touch with those who require new skills. She argues that there is no reason to
do what we have always done; learning requires a radical rethink and the
team who can do that is not the team that has traditionally run the corporate
learning operation. Deb Tees reminds us that much innovation actually has
deep roots that extend to a number of years back and that an idea whose time
has finally come is unstoppable and important. She hopes that learning is the
corporate idea whose time has arrived. Her enthusiasm is balanced by Raj
Ramachandrans thoughtful piece on the power of deep expertise in
organizations: how you develop it to be easily shareable in order to build
competitive advantage. Finally, Nigel Paine defines a learning organization,

showing how the vast majority of companies (even those who claim that title)
fall far short of that aspiration and thus their potential.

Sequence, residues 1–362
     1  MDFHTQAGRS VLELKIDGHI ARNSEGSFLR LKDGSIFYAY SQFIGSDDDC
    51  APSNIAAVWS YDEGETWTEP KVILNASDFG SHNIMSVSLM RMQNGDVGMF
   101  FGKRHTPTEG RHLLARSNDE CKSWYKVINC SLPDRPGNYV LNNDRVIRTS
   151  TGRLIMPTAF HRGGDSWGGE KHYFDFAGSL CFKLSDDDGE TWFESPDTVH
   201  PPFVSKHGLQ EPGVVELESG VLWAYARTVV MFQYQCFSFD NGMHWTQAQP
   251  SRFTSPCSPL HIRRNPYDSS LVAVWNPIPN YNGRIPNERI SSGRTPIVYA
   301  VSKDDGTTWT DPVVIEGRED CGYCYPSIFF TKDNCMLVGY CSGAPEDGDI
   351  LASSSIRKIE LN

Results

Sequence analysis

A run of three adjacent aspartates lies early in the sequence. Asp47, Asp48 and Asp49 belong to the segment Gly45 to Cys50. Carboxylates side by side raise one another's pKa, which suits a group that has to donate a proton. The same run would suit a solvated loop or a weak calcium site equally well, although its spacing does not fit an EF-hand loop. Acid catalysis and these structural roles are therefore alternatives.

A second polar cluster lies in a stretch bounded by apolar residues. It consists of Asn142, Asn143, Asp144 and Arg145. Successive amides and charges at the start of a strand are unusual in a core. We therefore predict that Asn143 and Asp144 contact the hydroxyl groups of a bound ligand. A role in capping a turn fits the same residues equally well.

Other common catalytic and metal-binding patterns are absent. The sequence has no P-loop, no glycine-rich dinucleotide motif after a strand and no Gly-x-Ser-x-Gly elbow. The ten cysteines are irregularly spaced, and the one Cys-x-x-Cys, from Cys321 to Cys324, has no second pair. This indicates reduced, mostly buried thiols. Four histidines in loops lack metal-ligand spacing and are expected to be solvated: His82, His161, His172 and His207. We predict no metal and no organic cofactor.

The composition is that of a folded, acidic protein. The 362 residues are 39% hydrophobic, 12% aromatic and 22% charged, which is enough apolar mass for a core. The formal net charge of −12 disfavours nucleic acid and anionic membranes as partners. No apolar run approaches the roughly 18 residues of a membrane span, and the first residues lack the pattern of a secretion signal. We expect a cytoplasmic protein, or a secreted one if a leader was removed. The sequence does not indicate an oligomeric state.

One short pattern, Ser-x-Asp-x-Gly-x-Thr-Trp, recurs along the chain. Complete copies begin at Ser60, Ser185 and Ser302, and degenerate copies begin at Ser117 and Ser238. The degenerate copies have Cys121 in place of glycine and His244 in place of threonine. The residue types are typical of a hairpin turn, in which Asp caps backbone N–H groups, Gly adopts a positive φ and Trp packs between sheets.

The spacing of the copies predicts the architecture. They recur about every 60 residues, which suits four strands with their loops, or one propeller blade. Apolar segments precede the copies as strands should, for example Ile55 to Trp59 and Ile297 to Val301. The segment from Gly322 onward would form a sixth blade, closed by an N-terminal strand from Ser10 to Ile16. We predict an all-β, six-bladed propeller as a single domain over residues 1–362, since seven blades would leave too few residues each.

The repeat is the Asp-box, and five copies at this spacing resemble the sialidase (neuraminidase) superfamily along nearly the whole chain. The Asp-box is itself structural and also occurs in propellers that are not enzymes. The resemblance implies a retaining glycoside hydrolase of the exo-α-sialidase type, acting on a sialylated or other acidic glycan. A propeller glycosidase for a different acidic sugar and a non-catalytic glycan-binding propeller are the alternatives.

The second is a collection of views of the 30 Under 30 Group, who entered
into the spirit of the book by producing their visions, views and comments in a
very short amount of time. There are 24 worthwhile and challenging comments
from this group and it is unfair to single out any one, but this quotation from
Douglas Livas Conscious Incompetence sums up the thrust of their
arguments:
the most effective learning doesnt even require a classroom at all! It
happens on the job, it happens during team work/planning sessions, it
happens through mentoring/coaching, it happens through trial, error and
thoughtful feedback.
Even the titles of the pieces are challenging. Take Liz Scott, for example:
Learning: Converting the Crash Dieters to Lifelong Healthy Eaters. She sums
up in nine words the spirit of the entire book. This is the Google generation
shining a bright light on the shortcomings of todays corporate learning.